NBA Commissioner Says Negotiating Rights Deal Jointly with WNBA is Best for Both Leagues

Speculation has arisen of late that the WNBA could seek its own media deal in this round of negotiations, but Adam Silver wants to keep the two leagues together.


Just how valuable an asset will Caitlin Clark be to the WNBA? The former Iowa guard’s stardom could be worth tens of millions of dollars to the league, which sees its broadcasting deal with ESPN expire after the 2024-25 season. The WNBA is currently negotiating a new broadcast rights contract jointly with the worldwide leader in sports alongside the NBA, but reports indicate that the women’s league could strike out on its own and make a new deal without the NBA’s help. But speaking at the NBA Board of Governors’ meeting this week, league commissioner Adam Silver said that he believes that the two leagues are best off negotiating with broadcast partners together.


Sliver pointed out that the year-round schedule of the NBA and WNBA made them natural negotiating partners.Prime Video recently agreed to a new deal to stream 21 exclusive WNBA games per season.The WNBA wants a raise over the $60 million per year it collects from its current broadcasting deals 



Silver explained to the assembled governors (the NBA term for team owners) that the schedules for the two leagues are a big reason that they should stick together in rights negotiations. The NBA’s season spans 260 days, and the WNBA’s makes up another 60 days. Since there is nearly no overlap between the two schedules, programmers and broadcasters are able to secure year-round content if the leagues are bundled together. In an era when every entity in entertainment is hoping to avoid churn and keep viewer numbers as high as possible, so providing unique content in all months of the year is a major benefit.



Will Caitlin Clark Bring WNBA a Big Payday?

One counterargument to Silver’s point about the advantages of negotiating a join NBA and WNBA deal is that the WNBA could benefit from partners who lose out on NBA rights. The NBA is reportedly seeking to double or triple the revenue brought in by its current broadcasting deal, and broadcasters who are priced out of NBA negotiations may pursue the WNBA that much harder if it can agree to a separate deal. The WNBA currently collects around $60 million per year for its rights but reportedly wants to up that number to between $80 and $100 million as the demand for women’s sports has skyrocketed in recent years.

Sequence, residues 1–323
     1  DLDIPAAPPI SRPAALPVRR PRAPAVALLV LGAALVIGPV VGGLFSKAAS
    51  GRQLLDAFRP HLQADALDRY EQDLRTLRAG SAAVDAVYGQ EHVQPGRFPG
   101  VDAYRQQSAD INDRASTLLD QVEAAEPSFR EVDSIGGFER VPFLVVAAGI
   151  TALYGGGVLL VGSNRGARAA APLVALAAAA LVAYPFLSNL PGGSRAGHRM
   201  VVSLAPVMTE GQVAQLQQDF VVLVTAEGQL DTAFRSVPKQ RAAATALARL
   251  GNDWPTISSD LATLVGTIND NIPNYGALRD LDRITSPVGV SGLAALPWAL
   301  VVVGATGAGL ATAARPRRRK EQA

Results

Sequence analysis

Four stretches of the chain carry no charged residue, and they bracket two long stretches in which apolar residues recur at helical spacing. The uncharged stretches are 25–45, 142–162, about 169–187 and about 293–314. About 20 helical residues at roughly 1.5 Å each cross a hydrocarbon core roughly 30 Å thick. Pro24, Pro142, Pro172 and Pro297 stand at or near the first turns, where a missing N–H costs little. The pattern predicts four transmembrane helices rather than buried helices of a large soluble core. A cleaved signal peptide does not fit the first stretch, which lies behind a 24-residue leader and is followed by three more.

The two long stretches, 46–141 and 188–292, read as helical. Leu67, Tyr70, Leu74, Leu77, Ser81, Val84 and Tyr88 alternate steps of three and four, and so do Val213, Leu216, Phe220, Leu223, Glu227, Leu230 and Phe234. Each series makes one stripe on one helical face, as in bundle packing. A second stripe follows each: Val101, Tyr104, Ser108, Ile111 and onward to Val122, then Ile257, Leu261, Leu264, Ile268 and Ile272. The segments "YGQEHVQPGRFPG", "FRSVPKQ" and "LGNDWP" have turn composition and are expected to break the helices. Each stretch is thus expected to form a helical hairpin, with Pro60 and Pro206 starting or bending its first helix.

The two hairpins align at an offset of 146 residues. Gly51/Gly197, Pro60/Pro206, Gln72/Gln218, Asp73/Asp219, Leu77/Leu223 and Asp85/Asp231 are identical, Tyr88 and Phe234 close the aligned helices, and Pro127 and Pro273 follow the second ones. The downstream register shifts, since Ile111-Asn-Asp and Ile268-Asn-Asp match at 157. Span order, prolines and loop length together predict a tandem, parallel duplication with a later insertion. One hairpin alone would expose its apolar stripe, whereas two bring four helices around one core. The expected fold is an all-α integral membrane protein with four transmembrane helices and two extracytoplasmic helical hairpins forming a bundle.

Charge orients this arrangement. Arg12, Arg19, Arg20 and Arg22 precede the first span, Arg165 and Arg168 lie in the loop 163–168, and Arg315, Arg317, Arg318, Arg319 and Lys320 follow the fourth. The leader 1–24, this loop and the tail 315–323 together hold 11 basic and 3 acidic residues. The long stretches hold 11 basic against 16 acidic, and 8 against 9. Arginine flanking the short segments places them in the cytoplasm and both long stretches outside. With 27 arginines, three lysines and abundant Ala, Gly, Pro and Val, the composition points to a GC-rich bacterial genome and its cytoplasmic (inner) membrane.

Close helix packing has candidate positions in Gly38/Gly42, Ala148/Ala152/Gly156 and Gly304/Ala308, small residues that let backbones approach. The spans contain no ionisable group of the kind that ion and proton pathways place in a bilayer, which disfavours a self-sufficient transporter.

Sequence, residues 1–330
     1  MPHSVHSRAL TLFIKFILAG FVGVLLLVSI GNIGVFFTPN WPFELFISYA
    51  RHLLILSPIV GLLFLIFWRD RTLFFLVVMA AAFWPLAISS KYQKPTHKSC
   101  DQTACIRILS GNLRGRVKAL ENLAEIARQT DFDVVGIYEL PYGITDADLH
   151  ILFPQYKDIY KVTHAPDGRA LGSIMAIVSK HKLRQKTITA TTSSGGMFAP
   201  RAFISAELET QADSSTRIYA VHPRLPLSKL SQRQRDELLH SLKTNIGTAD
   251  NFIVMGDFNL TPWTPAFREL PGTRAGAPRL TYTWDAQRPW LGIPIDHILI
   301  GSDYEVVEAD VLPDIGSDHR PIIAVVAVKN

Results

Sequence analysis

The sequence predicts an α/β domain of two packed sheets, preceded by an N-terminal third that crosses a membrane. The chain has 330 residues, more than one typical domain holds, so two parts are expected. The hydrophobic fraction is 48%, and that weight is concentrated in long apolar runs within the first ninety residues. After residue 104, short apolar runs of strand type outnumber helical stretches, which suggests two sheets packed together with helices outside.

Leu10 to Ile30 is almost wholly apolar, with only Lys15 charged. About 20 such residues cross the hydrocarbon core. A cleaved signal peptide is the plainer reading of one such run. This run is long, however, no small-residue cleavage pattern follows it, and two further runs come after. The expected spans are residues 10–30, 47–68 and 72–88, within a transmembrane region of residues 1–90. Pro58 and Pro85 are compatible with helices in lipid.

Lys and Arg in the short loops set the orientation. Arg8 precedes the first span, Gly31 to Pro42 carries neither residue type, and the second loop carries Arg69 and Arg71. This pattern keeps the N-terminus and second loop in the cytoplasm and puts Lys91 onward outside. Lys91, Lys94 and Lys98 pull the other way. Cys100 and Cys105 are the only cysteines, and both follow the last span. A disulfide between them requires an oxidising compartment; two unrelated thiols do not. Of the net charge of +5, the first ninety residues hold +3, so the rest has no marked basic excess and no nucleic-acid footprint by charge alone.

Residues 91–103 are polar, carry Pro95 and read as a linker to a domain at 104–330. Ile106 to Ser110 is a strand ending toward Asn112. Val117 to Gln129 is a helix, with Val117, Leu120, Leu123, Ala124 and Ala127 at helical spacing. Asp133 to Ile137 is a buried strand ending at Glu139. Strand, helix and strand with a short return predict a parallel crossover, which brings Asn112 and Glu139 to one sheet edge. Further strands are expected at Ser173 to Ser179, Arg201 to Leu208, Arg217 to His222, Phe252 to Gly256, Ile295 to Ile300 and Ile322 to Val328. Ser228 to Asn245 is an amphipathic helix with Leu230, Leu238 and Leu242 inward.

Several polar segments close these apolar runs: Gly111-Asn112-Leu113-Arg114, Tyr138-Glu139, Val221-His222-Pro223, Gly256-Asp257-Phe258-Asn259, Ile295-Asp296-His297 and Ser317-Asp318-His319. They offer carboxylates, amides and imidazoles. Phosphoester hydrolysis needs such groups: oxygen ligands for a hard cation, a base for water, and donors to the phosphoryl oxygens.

Then there’s the Clark factor to consider. Superstar guard Caitlin Clark has captivated audiences during her college career as an Iowa Hawkeye, helping to drive record viewership for the NCAA Women’s Basketball Tournament championship game two years in a row. She’s universally expected to be the No. 1 overall pick in Monday’s WNBA Draft, and as a result the league’s schedule makers have ensured the team owning that pick — the Indiana Fever — will play the vast majority of their games on nationally-available channels and streamers this year.


Clark’s stardom could compel broadcasters to pony up more for WNBA rights whether or not the league breaks away from the NBA to create a second deal. But her presence and her effect on ratings is undeniable leverage for the league, and that leverage becomes more powerful if it’s negotiating a deal of its own.


It seems likelier than not that the WNBA will stick by the NBA in its rights negotiations for now, which would be exactly what Adam Silver wants.


“At the end of the day it’s the [same] game,” Silver told NBA owners. “To the extent that we come up with ways to better present the game … in a way that makes it even that much more enticing to fans, there’s real opportunities to scale there when you put the NBA and the WNBA together.”


Gideon Canice

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